Why Exile on Main Street is the Stones’ best

I like the Rolling Stones. I always have. Notice how I didn’t say “love.” I certainly acknowledge their place in history, but I’m almost never listening to them if I’m choosing the music.

With one notable exception.

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I love their 1972 album Exile on Main Street. I’m not really alone. It’s widely agreed upon that Exile is one of the top three albums by the Stones, if not the very best. There are arguments to be made for Let it Bleed and Sticky Fingers, but I just don’t find them compelling. This is probably because Exile was the first album by the group that A. served as more than a collection of singles and B. finally broke free from the oppressive shadow of the Beatles.

I’m not saying that the Beatles were necessarily a better band. That, of course, is a judgment call, and I would never make an absolute statement like that without inviting some sort of debate. After all, we’re talking about the Rolling Stones. It’s not as if I’m saying that the Beatles are better than Gary Puckett and the Union Gap, which would be an indisputably true statement. I’m merely saying that the Beatles did the majority of the heavy-lifting, innovation-wise, while the Stones tended to follow in their wake.

For example, the classic psychedelic-influenced Beatles album Sgt. Pepper’s Lonely Hearts Club Band came out in June 1967 and the Rolling Stones non-classic Their Satanic Majesties Request (also heavily psychedelic-influenced) was released in December of the same year. Not coincidentally, Jagger and company stopped the psychedelic shit immediately after the failure of Majesties, and didn’t play anything from it for quite a while.  

I’m not faulting the Stones for this. It was probably pretty easy to be influenced by the Beatles in mid-60’s England. After all, one could write an entire book just about the ground-breaking recording techniques the Beatles used (actually, someone did. Longtime engineer Geoff Emmerick wrote Here, There and Everywhere: My Life Recording the Beatles. It’s terrific.) I’m merely saying that the Stones, like it or not, were a singles band.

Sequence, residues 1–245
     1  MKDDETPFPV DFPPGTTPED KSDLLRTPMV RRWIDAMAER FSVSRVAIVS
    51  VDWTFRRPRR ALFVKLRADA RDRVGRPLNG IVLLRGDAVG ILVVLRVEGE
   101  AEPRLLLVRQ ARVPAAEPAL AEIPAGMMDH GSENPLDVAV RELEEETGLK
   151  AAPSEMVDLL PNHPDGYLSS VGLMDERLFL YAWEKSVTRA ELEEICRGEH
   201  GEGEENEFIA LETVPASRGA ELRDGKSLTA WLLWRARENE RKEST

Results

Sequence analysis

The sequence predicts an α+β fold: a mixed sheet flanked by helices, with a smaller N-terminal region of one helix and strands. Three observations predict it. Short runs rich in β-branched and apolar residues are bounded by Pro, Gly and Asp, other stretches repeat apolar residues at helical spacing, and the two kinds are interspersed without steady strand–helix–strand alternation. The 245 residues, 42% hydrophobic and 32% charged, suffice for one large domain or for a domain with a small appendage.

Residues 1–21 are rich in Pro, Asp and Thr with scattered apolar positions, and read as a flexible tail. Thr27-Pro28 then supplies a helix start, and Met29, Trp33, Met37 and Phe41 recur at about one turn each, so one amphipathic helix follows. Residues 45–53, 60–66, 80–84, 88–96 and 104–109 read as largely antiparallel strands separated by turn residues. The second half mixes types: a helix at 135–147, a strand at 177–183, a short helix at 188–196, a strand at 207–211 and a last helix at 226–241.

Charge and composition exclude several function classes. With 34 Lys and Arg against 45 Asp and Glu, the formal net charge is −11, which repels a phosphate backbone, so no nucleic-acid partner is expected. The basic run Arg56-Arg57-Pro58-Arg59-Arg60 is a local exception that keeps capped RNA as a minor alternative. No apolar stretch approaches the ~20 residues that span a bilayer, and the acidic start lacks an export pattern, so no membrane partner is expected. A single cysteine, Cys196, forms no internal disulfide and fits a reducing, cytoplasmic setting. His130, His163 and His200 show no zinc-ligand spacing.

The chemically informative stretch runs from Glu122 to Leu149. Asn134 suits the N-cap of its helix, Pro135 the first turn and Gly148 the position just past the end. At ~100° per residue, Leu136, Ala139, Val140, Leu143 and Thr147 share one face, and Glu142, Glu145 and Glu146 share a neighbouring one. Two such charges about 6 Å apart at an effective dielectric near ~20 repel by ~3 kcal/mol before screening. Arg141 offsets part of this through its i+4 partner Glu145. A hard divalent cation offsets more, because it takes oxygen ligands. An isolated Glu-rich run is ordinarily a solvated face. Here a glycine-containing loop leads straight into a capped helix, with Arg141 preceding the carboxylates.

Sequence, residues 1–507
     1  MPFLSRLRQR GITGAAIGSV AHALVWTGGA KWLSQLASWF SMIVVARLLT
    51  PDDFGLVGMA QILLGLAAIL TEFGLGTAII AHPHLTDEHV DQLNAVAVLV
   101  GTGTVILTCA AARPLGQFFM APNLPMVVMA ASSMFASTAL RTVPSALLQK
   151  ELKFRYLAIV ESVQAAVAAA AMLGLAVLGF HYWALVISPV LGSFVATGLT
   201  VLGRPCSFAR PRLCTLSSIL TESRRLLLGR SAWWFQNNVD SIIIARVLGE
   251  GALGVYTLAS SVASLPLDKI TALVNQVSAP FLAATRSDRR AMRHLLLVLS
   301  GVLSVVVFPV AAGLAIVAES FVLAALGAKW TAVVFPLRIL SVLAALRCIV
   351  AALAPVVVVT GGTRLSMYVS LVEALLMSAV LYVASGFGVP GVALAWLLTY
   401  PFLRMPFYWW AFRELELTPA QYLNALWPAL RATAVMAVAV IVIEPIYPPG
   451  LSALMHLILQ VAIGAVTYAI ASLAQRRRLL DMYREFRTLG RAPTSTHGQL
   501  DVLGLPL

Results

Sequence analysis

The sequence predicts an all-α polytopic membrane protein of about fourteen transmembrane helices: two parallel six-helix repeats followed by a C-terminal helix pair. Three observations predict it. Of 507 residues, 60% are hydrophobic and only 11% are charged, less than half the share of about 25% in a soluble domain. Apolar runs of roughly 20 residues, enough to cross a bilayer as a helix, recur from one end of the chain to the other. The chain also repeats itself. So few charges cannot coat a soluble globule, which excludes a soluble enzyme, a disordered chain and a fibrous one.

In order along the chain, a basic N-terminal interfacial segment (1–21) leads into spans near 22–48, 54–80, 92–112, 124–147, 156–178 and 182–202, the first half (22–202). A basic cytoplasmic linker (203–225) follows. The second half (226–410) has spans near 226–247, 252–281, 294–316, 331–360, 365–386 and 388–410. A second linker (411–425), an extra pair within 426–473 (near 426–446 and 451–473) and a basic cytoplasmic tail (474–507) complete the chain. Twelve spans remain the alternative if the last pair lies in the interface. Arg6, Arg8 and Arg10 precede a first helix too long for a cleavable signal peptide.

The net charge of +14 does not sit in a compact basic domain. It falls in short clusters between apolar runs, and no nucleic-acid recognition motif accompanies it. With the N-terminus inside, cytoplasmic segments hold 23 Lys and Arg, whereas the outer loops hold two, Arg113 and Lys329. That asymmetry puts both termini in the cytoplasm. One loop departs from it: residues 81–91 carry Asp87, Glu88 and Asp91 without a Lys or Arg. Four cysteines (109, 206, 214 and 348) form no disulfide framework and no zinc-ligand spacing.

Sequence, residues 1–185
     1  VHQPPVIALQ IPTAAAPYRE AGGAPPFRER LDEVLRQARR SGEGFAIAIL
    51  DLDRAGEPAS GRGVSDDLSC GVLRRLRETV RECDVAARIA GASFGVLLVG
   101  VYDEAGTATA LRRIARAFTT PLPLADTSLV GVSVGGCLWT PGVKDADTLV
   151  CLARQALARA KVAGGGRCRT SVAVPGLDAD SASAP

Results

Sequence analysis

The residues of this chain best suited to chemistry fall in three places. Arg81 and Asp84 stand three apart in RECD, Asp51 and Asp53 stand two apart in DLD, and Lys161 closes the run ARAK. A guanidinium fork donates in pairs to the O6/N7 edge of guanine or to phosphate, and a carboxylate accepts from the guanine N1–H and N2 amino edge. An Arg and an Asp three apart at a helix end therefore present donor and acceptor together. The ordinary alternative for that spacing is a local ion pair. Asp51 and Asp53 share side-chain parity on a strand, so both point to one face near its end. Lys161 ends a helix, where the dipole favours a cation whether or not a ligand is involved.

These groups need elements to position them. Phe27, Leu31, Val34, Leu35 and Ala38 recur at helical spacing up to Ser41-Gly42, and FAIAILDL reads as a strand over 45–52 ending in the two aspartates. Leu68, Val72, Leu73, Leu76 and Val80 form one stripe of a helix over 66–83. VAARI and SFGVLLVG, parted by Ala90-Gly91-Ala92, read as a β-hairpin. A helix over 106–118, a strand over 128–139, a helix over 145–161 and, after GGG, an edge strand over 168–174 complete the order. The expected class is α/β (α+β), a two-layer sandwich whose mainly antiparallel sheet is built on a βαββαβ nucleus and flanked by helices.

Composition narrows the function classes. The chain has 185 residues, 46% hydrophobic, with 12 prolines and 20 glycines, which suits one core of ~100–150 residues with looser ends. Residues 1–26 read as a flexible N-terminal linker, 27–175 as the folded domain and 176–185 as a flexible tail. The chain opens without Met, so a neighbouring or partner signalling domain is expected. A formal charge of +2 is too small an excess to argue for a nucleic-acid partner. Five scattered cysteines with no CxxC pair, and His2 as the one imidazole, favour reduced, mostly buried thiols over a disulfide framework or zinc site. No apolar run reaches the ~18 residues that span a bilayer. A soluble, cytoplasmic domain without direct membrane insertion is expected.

That’s why Exile on Main Street is even more impressive. We finally get to witness a record that is both a collection of great songs, but manages to sustain the same frayed, exhausted, nervous energy throughout the duration of the piece. This is a proper album, one that represents a true slice of this bands career at this given time. The Rolling Stones had great songs since Day 1. but Exile finds them sounding more like the Rolling Stones than ever before. It’s probably the Rolling-Stoniest Album by the group.

It’s kind of funny that the band almost fell apart while making it. In a nutshell, Jagger didn’t like heroin all that much, while Richards LOVED it. Things were tense, but rock music is filled with great records that came out of horrifying circumstances. Just look at Rumours. 

 Perhaps the best thing Exile on Main Street has going for it is the album’s lack of mega-hit songs. Sure there are FM radio mainstays like “Tumbling Dice,” but there’s nary a “Satisfaction” (or even a “Miss You”) to be found. Its refreshing, because it’s almost like hearing a brand new band. Even though I know Exile is a favorite among musicians and music critics, it still seems like an unexplored territory. The unforgettable piano intro of “Loving Cup” and the jaunty acoustic shuffle of “Sweet Black Angel” still have the unspoiled feeling that comes with remote and picturesque scenery. “Shine a Light,” “Happy,” “Rip This Joint,” etc. This album came out 45 years ago this week, and it still feels as raw and authentic as ever. Welcome to the Rolling Stones, in their pure form.

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